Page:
This article from the July-August 2000 Journal of Poverty Law and Policy discusses the option for states to extend Medicaid eligibility for young people who are under 21 and who on their 18th birthdays were in foster care under the custody of the state. In addition to implementing this option, states can take many steps through their child welfare agencies and Medicaid agencies to ensure that young people leaving foster care enroll in Medicaid and receive the services to which they are entitled.

Working Together: Health Services for Children in Foster Care
The New York State Office of Children and Family Services developed this manual with the assistance and advice of voluntary agencies and county departments of social services. The primary audiences are foster care caseworkers, supervisors, and persons responsible for the coordination of health services. It is not specifically designed for distribution to foster parents, child care workers, or health care practitioners. The policies, protocols, and legal footnotes are specific to New York State's locally administered, state supervised foster care system. However, it contains some more general information and serves as an excellent model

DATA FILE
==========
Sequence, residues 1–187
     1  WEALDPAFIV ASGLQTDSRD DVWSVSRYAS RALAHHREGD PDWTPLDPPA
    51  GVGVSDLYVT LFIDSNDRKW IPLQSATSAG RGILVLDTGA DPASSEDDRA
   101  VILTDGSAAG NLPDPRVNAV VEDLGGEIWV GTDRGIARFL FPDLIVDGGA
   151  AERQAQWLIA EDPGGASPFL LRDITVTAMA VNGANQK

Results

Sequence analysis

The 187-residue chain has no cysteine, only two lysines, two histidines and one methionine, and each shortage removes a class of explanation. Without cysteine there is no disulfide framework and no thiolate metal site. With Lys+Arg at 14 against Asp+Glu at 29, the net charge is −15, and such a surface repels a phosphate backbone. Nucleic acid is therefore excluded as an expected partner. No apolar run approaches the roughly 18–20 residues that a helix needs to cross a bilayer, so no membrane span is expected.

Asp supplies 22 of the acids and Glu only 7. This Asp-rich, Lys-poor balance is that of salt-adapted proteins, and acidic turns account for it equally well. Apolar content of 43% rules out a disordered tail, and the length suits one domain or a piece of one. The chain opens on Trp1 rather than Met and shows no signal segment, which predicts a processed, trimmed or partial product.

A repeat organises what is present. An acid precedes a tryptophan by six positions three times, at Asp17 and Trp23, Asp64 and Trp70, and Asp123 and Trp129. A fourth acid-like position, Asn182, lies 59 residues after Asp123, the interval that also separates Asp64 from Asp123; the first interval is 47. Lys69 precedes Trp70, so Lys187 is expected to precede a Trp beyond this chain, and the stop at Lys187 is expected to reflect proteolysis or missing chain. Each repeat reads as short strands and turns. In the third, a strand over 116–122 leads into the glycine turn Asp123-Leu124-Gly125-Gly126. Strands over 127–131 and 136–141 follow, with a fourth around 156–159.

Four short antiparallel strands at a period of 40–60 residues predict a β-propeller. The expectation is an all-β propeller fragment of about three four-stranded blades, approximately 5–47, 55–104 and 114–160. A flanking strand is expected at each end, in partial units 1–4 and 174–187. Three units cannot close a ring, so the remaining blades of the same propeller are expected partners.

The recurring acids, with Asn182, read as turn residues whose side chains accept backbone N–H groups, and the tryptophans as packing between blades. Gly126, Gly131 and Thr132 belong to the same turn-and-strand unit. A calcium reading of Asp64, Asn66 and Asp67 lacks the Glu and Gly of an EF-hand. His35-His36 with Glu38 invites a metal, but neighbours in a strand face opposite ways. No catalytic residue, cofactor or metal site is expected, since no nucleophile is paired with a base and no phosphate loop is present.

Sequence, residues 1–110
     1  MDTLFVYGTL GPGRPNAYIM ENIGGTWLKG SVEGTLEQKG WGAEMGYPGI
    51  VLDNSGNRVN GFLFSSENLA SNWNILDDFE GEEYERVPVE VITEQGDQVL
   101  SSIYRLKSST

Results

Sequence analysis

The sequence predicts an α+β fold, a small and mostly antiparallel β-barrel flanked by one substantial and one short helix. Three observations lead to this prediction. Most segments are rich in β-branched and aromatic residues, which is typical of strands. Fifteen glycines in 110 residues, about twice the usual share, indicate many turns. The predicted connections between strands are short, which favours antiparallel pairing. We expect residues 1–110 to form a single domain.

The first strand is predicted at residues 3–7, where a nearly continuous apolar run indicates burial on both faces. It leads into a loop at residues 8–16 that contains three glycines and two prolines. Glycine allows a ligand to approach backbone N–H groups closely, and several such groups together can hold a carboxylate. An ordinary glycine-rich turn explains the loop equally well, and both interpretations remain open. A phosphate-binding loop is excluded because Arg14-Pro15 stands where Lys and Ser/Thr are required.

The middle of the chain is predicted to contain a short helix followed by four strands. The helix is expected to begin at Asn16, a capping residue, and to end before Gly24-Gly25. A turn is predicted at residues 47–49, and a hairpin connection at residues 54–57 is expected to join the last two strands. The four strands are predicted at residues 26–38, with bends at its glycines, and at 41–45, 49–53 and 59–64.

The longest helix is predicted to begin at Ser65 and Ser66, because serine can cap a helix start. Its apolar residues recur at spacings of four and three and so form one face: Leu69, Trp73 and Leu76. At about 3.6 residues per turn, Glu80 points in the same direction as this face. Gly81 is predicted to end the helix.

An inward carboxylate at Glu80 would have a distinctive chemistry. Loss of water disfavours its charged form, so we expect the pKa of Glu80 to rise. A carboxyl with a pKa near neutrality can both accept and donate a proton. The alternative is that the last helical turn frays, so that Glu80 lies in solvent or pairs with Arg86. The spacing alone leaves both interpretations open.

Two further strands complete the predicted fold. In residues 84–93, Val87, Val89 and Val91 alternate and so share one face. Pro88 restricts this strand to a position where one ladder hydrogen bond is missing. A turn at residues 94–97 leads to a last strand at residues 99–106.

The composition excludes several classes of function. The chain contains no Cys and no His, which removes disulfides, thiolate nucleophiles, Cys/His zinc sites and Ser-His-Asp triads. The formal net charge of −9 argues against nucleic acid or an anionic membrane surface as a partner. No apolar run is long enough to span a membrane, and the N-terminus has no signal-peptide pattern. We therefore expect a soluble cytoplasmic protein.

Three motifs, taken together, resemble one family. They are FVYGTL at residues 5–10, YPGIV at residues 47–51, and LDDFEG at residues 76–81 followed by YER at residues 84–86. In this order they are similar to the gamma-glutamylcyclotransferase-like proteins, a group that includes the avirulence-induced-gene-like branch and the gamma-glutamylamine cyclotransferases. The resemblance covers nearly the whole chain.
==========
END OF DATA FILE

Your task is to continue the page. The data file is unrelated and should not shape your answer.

Mental Health Care
 
Mental Health Needs of Foster Children and Children At-Risk for Removal
This article from the Virginia Child Protection Newsletter focuses on the mental health needs of children entering foster care and children at risk of entering care. The article explores the range of mental health needs and ways to address those needs using evidence-based practices. The article discusses ways to work with children as well as methods for parent and foster parent training. (2009)

Parental Mental Health and the Child Welfare System